David Cameron says exam paper errors are not acceptable
A series of at least nine errors in this year's GCSE, A-level and AS-level exam papers is "not an acceptable situation", Prime Minister David Cameron has said.
He said England's exams watchdog Ofqual would take the "toughest possible action" to stop further errors.
Ofqual said it was meeting with exam board heads and would launch an inquiry this summer.
Three more mistakes emerged on Tuesday, in AQA and OCR exam papers.
Both exam boards apologised for the mistakes, which affected OCR's A-level physics and GCSE Latin papers, and AQA's GCSE maths foundation paper.
Speaking at prime minister's questions, Mr Cameron said he had discussed the issue with Education Secretary Michael Gove, who had spoken to Ofqual.
The qualifications regulator was "taking the toughest possible action to root out this failure and make sure it doesn't happen again", he said.
In a statement on Wednesday morning, Ofqual said it was "unacceptable" that candidates had faced fresh errors after exam boards had provided written promises that additional quality checks would take place after the first wave of errors.
"Our concerns are serious enough that our director of regulation is meeting with the chief executive of OCR today to understand how these recent errors occurred and to make sure, so far as possible, that there will be no more avoidable errors," the statement said.
Regulators would be meeting on Thursday with heads of other exam boards and would "again ask for confirmation that there will be no more avoidable errors", Ofqual said.
When the exams are over, full details of an inquiry will be announced, it said.
"We want to understand how this pattern of errors occurred, how errors remained after additional checks had been made and what needs to be done to prevent any recurrence of such avoidable errors."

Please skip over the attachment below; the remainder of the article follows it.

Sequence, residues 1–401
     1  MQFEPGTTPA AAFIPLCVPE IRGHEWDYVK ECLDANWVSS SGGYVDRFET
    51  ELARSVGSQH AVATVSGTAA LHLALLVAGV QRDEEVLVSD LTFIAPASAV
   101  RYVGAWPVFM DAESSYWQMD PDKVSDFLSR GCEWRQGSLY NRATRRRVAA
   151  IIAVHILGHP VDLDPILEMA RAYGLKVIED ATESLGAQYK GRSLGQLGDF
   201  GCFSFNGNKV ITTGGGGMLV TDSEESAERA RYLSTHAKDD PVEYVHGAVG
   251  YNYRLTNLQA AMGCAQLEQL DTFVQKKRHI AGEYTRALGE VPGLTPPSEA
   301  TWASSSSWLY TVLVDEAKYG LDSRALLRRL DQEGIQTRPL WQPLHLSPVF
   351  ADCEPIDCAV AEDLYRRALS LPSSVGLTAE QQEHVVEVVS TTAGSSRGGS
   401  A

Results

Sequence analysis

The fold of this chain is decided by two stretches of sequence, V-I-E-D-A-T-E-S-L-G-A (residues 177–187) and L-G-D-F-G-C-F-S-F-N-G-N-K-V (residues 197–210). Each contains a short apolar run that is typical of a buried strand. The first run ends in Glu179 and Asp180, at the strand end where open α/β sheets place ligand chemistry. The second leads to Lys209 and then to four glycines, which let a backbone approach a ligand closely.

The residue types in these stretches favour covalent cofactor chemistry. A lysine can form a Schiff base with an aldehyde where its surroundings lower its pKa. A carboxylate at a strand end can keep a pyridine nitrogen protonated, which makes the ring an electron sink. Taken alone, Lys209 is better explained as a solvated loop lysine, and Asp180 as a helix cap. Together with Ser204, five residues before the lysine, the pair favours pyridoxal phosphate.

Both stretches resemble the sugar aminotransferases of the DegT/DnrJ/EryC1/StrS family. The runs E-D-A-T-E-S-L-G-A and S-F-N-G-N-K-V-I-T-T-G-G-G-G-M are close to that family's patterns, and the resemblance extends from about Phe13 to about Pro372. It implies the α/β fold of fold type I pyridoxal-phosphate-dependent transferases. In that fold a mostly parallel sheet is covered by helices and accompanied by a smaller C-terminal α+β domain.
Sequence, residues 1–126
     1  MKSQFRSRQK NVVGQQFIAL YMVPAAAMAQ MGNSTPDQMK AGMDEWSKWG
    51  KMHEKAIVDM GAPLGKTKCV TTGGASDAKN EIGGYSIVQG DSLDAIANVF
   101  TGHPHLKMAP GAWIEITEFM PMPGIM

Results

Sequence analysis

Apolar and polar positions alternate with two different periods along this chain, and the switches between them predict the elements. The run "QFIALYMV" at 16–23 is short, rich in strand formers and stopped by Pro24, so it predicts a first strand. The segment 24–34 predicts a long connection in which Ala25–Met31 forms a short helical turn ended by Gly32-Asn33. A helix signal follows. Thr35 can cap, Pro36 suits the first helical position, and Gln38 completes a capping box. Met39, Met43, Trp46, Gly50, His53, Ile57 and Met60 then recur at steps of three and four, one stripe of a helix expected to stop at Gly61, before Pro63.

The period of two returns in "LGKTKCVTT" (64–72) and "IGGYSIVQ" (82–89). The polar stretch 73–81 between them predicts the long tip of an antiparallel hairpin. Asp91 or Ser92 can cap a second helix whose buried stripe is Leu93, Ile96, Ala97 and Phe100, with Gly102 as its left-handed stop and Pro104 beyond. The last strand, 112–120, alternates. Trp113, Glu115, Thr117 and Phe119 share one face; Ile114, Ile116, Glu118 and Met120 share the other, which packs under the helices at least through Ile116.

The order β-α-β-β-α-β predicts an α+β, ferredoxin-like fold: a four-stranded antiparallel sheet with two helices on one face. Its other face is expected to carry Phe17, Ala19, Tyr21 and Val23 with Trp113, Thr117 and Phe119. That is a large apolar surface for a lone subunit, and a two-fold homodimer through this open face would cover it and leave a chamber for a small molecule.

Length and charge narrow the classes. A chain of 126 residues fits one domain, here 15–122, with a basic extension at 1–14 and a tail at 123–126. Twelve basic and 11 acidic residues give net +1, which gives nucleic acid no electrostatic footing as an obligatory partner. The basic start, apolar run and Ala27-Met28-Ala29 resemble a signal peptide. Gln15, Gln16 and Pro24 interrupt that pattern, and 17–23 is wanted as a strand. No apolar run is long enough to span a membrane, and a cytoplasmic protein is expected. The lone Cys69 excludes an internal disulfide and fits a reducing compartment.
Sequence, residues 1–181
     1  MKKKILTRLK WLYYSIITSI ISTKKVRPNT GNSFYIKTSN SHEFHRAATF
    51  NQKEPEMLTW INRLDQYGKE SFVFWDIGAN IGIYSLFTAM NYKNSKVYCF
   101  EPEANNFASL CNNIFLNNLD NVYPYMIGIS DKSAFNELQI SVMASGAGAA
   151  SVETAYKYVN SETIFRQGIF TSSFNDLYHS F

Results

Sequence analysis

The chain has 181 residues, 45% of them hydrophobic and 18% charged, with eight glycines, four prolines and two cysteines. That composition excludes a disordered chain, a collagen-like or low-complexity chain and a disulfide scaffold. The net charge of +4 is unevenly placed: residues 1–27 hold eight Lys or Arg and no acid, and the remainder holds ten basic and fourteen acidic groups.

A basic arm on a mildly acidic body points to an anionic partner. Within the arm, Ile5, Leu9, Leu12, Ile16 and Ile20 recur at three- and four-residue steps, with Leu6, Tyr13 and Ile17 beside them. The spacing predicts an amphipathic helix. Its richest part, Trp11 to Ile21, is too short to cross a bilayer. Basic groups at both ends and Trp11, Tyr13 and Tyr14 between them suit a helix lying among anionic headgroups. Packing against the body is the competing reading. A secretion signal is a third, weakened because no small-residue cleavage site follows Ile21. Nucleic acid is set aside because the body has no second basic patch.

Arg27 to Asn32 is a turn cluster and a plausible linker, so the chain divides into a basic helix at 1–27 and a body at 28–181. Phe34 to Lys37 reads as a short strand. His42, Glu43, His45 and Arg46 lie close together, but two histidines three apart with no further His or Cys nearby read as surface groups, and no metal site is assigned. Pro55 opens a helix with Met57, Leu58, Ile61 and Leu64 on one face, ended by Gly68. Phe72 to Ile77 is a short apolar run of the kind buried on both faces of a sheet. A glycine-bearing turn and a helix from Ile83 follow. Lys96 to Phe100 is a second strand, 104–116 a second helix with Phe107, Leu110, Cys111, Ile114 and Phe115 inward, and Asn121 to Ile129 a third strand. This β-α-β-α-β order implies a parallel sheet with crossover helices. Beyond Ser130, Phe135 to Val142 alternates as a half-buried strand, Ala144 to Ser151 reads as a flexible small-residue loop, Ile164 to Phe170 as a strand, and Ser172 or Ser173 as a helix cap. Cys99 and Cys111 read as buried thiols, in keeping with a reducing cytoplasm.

On Tuesday, a spokesman for the Department for Education said the latest errors were "completely unacceptable" and that Mr Gove was "angry".
"He has said repeatedly that the exam system is discredited and action must be taken," the spokesman said.
In the Latin GCSE error, a paper taken by up to 8,000 pupils contained three errors, representing 14 out of 50 marks.
An error in a question in the A-level physics paper, taken on Tuesday morning, meant that pupils were asked to answer a question which included incorrect units of measurement.
And a printing error on a maths GCSE foundation paper, also taken by pupils on Tuesday morning, had questions from a previous paper accidentally printed in the middle of it.
An OCR spokesman said the exam board was "deeply unhappy" about the latest errors. It said there would be an investigation, and jobs could be lost as a result.
AQA said it was sorry that the error had caused some students distress. It said the batches of papers that were checked were all fine, and it was investigating with its printer how the problem had arisen.
Six other errors in previous papers taken this year have included a multiple-choice question where all the answers were incorrect, and a question where the information needed to make a calculation was missing from the paper.
These appeared in papers produced by the Edexcel exam board, and the Northern Ireland CCEA board, as well as AQA and OCR, and have affected exams taken in England, Wales and Northern Ireland.